Unhappy about Necessary Debts

I admit it.  It’s been over a week since I’ve posted.

This past week has been frustrating – and disheartening.

On the positive side – we close on our house in NC on Friday!  That’s nearly $180,000 of debt gone!

However…we have to bring $10,677.82 to closing.  Ouch.  (I did an estimate before and I was way off.  I didn’t include the 2o08 taxes we would owe, the final mortgage interest payment, or the deed and register stamp fees.  All told, that was about another $2000 we have to bring to the table.)

We struggled a lot with how to deal with this.  The closing attorney didn’t get the exact numbers to us until this morning (we knew it’d be between $8000 and $12,000.)  We had already talked to our bank about doing a short term loan until we refinance in a couple weeks (more about that later) but there was no way they’d be able to process the money in time.  After hearing about our situation, both lenders we spoke to though that we should consider doing  a cash advance or using a balance transfer check on our credit cards – because it was the only way we were going to get the money wired to the closing attorney on time to close.

Thankfully, my husband talked to a businessman in our church about our situation and he and his wife offered to lend us the money for the next two weeks.  We’re hoping to have it directly wired from his account to the attorney.  We will be paying all fees, of course, and we want to offer them the interest we would have otherwise paid.  I also told my husband that although there is no way I’d let the debt go unpaid, I wanted to write out a promissory note.  It would make me feel better knowing that they have legal recourse against us if we didn’t pay.  I absolutely hate the thought of borrowing from a friend!

But there’s more:

We not only owe this amount, but by law, all homes sold in our county now have to comply with new septic laws, which means that most people will have to install new septic systems.  We knew this when we purchased the house, and we got quite a bit off the price because of it.  We were expecting our old house to sell with cash to spare, which we would use to pay for the septic.  Unfortunately, the market being what it is, we had to sell for nearly $50,000 less than what we originally asked, so we don’t have the funds we expected to have.  Oh, well!   It’s truly a case of “You win some, you lose some.”

So between the new septic system and the money we need to pay off our old loan, we are going to need about $25,000.  There’s no way around it, and we can’t wait on either.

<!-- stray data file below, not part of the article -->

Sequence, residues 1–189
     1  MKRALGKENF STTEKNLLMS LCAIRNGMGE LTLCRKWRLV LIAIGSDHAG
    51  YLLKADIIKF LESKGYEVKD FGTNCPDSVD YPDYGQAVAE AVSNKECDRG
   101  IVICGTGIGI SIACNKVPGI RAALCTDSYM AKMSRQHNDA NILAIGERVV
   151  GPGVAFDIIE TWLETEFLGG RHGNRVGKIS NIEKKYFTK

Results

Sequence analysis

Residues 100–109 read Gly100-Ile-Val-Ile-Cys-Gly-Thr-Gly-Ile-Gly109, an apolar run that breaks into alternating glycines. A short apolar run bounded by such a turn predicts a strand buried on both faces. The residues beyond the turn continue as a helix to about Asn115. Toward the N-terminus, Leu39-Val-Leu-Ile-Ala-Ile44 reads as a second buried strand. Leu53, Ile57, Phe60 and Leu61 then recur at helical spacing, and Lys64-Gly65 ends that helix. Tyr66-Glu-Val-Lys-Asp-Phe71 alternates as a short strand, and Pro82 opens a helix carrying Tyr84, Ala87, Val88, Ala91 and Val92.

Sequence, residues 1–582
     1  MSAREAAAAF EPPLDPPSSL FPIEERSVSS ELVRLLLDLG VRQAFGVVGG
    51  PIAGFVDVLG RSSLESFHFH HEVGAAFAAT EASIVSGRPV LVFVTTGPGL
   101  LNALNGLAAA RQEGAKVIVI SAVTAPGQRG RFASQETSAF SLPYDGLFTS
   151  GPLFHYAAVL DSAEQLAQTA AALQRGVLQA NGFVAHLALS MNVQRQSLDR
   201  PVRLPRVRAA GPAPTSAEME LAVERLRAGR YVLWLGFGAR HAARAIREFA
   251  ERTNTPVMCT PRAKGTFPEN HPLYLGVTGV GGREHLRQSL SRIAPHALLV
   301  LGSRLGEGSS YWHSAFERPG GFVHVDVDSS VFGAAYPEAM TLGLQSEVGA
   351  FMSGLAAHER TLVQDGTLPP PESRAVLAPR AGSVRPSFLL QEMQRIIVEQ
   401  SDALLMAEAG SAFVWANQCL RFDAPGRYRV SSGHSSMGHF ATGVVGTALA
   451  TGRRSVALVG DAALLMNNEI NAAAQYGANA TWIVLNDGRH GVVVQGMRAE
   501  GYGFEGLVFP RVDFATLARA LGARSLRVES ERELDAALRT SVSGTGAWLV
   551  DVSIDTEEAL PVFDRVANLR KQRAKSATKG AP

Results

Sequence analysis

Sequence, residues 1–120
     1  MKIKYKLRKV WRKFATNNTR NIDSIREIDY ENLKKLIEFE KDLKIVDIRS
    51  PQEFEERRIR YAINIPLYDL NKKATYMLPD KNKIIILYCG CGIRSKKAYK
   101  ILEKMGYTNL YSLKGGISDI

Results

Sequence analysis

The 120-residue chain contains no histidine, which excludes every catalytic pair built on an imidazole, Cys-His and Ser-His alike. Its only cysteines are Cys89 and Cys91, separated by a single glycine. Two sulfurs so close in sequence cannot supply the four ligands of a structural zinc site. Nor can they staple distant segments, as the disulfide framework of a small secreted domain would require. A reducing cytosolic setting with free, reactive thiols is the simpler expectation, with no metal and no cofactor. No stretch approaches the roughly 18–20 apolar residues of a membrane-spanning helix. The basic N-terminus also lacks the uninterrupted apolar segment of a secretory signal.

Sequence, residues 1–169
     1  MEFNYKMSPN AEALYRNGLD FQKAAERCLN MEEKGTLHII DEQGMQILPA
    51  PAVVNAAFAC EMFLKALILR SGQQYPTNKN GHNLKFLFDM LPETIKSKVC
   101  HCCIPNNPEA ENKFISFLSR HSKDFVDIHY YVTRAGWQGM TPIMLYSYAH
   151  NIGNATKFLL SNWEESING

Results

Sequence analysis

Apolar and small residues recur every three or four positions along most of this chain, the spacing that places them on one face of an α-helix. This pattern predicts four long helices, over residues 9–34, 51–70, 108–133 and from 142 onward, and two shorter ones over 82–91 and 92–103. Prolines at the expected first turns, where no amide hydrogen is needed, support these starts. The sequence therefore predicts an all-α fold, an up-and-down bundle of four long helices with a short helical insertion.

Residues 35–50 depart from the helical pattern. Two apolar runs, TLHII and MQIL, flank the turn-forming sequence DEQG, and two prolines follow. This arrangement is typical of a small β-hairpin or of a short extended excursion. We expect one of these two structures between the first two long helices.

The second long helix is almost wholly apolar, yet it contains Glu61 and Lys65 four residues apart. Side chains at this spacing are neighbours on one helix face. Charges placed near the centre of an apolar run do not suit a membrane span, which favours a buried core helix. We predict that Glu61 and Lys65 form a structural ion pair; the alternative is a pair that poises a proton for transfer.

But here’s where “we won some” – mortgage interest rates are low right now.  We just locked in at 5.65% for a 30 year fixed, which is quite a bit lower than our current 6.875% 7 year ARM.  It will take less than 2 years to break even after the closing costs.

So we plan to refinance, but we will actually be refinancing for more than we owe. We’ll refinance for around $122,000 and take the extra $25,000 to pay for the septic and to pay back our friend.  This will happen as soon as we get the appraisal and the settlement statement for the closing on Friday.  That day we’ll wire the money we owe back to our friend and stick the rest in savings until the septic company bills us.

Not the ideal.  I hate adding more debt, but I knew this was coming.  Still, it’s disheartening.  It’s just more debt.   It will also raise our mortgage payment to about $900 a month, which will make things a little tighter.  Thankfully, we are close to getting another card paid off, which I’ll post about soon in my January Progress Post – 5 days late!

We Have an Offer on Our House!

We received our first offer on our house in NC today, and after much thought and negotiation, we accepted it.  I’m happy, and I’m not. 

Why not?  Well, the initial offer was for $175,000 on an asking price of $199,900.  By the time we finished negotiating, the agreed upon price had risen to $185,500.

Because of the market right now and the fact that our house in NC will need some fairly substantial routine maintenance in the next year or two (a new roof, new air conditioning unit) my husband and I felt like it was a fair amount to ask, but with one problem:  in order to pay off our mortgage on that house (which is actually a bridge loan of $180,000) and pay the realtors ($11,130 at 6% commission,) we really needed to get about $5,630 more than what we agreed upon. 

We were praying hard about it! 

Then I realized how narrow-minded we were being about this – we were only looking at the fact we would still owe $5630 on the house.  And that it was “more” debt.  But it wasn’t.  In reality, we were selling something that had become a liability – between the sinking market and our $953 a month payments (which start February 1st.)